The Lotteries Council is continuing to call for the government to reduce its restrictions on society lotteries following the publication of figures that show growth is slowing down.
Mid-year figures from the Gambling Commission for October 2012 to September 2013 show that money raised for good causes by society lotteries grew by £10m, or six per cent, to £163m.
But this growth was slower than in the previous two years, when income from society lotteries grew by more than 50 per cent from £100m in 2009/10 to £153m in 2011/12.
The Lotteries Council, a membership body that represents charity lotteries, has repeated its call to reduce restrictions before a long-awaited consultation on the regulation of charity lotteries, proposed by the Department for Culture, Media and Sport.
The membership body and the Institute of Fundraising recently commissioned the Centre for Economics and Business Research to undertake a study to consider measures that would increase the fundraising potential of society lotteries. The report suggested that reducing restrictions on the operation of society lotteries would dramatically improve their ability to generate more income for good causes.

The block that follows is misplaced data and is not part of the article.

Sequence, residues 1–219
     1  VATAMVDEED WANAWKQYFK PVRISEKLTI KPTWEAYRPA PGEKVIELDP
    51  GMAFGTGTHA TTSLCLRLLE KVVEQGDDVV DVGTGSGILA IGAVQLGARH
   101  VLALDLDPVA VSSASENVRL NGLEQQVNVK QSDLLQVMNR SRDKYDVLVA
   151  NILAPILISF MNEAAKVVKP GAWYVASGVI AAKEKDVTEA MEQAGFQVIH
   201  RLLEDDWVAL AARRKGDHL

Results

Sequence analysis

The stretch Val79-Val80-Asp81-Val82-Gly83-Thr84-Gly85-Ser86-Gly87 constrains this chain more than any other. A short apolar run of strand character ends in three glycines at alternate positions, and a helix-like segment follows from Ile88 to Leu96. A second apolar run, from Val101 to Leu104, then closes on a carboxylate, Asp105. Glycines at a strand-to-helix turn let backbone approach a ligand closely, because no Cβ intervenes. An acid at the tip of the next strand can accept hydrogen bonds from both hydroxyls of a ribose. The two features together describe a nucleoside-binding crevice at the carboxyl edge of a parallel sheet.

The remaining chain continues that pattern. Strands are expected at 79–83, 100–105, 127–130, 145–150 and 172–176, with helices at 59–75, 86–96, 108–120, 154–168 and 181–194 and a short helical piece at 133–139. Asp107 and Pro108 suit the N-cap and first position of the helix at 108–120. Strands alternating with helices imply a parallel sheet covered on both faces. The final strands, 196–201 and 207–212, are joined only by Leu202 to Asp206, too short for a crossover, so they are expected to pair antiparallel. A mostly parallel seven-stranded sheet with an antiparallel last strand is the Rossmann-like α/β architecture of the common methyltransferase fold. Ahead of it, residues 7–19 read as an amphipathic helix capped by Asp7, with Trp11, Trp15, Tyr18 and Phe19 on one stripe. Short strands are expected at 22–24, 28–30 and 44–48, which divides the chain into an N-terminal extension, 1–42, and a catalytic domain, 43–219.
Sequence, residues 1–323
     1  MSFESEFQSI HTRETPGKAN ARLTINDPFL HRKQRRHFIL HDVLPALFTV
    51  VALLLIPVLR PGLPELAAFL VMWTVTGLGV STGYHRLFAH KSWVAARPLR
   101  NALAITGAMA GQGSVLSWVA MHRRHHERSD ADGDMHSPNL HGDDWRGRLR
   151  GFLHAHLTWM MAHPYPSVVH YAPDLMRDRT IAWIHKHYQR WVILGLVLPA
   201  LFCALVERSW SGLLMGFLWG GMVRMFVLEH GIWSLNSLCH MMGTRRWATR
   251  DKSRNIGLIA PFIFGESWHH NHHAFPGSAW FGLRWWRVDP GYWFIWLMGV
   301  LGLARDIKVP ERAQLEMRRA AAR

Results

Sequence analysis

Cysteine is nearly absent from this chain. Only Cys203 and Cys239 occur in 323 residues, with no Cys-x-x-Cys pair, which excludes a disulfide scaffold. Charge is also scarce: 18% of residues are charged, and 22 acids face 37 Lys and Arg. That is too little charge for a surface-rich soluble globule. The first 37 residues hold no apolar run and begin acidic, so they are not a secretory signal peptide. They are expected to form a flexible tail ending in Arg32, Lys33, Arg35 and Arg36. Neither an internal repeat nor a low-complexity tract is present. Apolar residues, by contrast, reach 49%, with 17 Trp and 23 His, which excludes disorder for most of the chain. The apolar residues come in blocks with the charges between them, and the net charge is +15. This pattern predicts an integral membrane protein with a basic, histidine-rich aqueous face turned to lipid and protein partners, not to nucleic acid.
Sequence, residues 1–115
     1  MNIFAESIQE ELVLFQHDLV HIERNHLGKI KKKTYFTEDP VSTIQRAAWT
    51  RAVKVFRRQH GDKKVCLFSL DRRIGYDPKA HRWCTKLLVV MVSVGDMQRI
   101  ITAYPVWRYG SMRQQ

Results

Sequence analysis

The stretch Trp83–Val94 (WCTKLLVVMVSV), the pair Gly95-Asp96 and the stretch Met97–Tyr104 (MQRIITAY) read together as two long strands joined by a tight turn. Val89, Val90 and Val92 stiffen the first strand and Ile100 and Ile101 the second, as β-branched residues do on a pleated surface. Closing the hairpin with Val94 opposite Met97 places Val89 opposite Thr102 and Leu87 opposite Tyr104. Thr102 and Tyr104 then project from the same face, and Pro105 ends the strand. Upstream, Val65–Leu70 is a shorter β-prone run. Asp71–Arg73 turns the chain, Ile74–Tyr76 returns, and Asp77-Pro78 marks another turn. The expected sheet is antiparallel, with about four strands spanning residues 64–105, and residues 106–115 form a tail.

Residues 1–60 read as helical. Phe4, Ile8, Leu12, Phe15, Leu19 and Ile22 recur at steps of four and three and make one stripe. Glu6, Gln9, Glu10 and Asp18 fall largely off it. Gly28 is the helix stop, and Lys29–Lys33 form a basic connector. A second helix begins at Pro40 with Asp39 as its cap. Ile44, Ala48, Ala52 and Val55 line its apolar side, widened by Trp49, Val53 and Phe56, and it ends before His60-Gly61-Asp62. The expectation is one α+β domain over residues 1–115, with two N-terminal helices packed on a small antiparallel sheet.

Recommendations include a relaxation on individual prize, draw and turnover limits, in order to help increase the amount raised for good causes by society lotteries. Under existing rules, a society lottery must give a minimum of 20 per cent of the proceeds to good causes and a maximum of £4m worth of tickets can be sold for one draw.
Clive Mollett, chair of the Lotteries Council, said: "Although we are delighted that once again the Gambling Commission’s figures show charitable proceeds from society lotteries have increased, we are concerned that growth in the sector is not as strong as it could be because of the regulatory constraints in which our members operate.
"We urge the government to use its upcoming consultation, scheduled for this summer, to reduce some of the unnecessary restrictions imposed on society lotteries. Such a move would deliver more money for good causes at a time when they need it the most."
Steve Greenberg, head of individual giving at RNIB, said much of the regulation of society lotteries was "unnecessary and overly restrictive" and called on the government to use the forthcoming consultation to "implement progressive changes and help society lotteries deliver even more support to good causes". He said: "With deregulation in the sector, we would like the administrative burden placed upon charities to be reduced and for society lotteries to be allowed to achieve more."